What a Good Friday | Inquirer Opinion

What a Good Friday

12:30 AM April 02, 2021

March to March, 13 months, and another Good Friday. This Good Friday, however, is like a summary of the whole month, like some unlucky Friday the 13th rather than a highlight of a major religious remembrance.

March 2020 to March 2021, first base and back to first base, but not yet a full circle because we do not see the ending yet. A pandemic came upon us, is still upon us. No one spared, everyone disrupted.


Thirteen months of abundant lessons characterized the March-to-March period, yet it is as though we learned nothing. Why else are where we began, but worse? It took months from March 2020 to reach a peak in Covid infections last year. This March, we began by breaking records and no one has a clear idea when this will end without strict lockdowns. Even with lockdowns, no one is clear how long that should be in order to dramatically put us at safer infection levels.

We are now down to vaccines as our only hope, or so we are told. Other than vaccines, our health authorities cannot prescribe medicines to prevent and to cure, except a few that also just a few can afford. Even then, with the most expensive medicines that most Filipinos cannot afford to buy anyway, many rich and high-profile personalities have not survived Covid-19.


In the United States whose health and science agencies are like the biblical prophets to our own FDA and Dept. of Health, over 500,000 Americans have died. They have all of the medicines that are approved and that many of them can afford, but none saved them the deaths of over half a million. If the Philippines were to look for available medicine to protect effectively and/or cure us against Covid-19, it seems not just strange but stupid to depend on the knowledge of a country with the most infections and deaths in the world.

But, alas, beggars can’t be choosers, too. In the war against Covid-19, we have been bereft of our own wisdom from experience. We have simply depended on begging for instructions from foreign health institutions, too poor in mind and determination to draw insights from domestic experience. I may be too harsh in my critical assessment of our FDA and DOH leaderships because this beggar posture is not limited to them. Still, we are in a health crisis and they have badly failed.

It would be comical if not outright exasperating to read at this time that DOH believes two weeks of strict lockdown may not be enough to reverse the Covid-19 infection rates. It highlights the public ineptness of our health department from whom daily the public gets reports on cases of new infections. Why is it that the cases have been on a steady climb for at least two months and for DOH to say now that it may take longer to bring down the pattern? If ordinary Filipinos can see or at least sense the steady climb, where was DOH looking?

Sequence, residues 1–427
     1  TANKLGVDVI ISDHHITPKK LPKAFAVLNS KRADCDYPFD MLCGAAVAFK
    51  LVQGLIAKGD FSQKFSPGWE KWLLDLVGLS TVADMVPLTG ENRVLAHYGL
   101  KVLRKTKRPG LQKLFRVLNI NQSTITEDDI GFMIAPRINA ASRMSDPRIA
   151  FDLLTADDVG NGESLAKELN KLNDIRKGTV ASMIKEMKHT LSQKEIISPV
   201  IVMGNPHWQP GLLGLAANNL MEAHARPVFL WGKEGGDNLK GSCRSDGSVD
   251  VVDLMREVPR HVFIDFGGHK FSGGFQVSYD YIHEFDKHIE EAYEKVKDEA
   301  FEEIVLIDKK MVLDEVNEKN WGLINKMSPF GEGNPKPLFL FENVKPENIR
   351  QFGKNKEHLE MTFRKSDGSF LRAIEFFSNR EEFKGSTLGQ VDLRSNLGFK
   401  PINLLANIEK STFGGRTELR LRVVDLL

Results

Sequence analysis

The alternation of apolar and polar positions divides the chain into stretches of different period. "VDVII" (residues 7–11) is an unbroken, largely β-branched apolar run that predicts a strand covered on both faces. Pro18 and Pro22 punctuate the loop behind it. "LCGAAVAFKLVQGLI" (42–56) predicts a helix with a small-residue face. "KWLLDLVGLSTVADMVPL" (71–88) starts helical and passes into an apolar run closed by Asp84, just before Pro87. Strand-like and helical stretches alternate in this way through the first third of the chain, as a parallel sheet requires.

And so it is but right that we are inside our Holy Week and peaking our suffering on our Good Friday. If Covid-19 has been our cross, the leaderships of our health agencies must be the equivalent of the soldiers whipping the innocent about to be crucified.

Right now, we are all suffering. Many may not realize that the religious symbolism of Holy Week is not about suffering, it is about sacrifice. When one suffers for no greater cause but just to get through the ups and downs of life, there is no sacrifice there. Sacrifice needs a vision of the prize at the end of the road, the just rewards of tomorrow worthy of enduring pain today.

In the war against Covid-19, we have nothing to sacrifice for, only to suffer for our own survival. That requires nothing from us except to allow the human instinct to survive to take over and hopefully save us. Because no one else can. Except the author of life if such is your faith.

And this has been my realization ever since the pandemic, and not mine alone, for sure. Our salvation comes with sacrifice, not suffering. Even animals suffer, and for what? But man can choose sacrifice, take it, endure it, and keep his sights on a higher purpose promising great rewards not only for self and for all loved ones, too.


Salvation is not out there, not in the heavens, not the superheroes or gods orchestrating the lives of human beings. The salvation is inside us, in our goodness and the divine orientation we carry. If we believe in God, then God must be within, working with us in our hearts and minds. God is not out there planning to defeat Covid-19; He must have long given man the capacity to both survive and grow despite any and all pandemics. How else can vaccines ever be created?

Clarify your dreams. Are they worth suffering for? If they are, then get through the bumbling and fumbling of the DOH but seeing past them to that place where you want to go, where you wish your loved ones can also arrive. Then, fortify your spirit, trust in the divine design, be brave and go for it, and do not beg for crumbs of others for your dream.

Make Good Friday not just a date in the calendar but a reminder of our own goodness, our own greatness. We are afraid of Covid-19, yes, but we have been afraid of other things as well. Yet, we triumphed over our past trials, with our courage and wisdom, not dependent on leaders to lead us to victory.

Am I saying that it is each one, then, must be for oneself? In suffering, yes. But in sacrifice, each one has others to suffer for. And that is what we struggle to remember. That each Good Friday is about sacrifice, not suffering. That each Good Friday leads to a new life, not with suffering but sacrifice.

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TAGS: Good Friday, Holy Week 2021], Lent 2021
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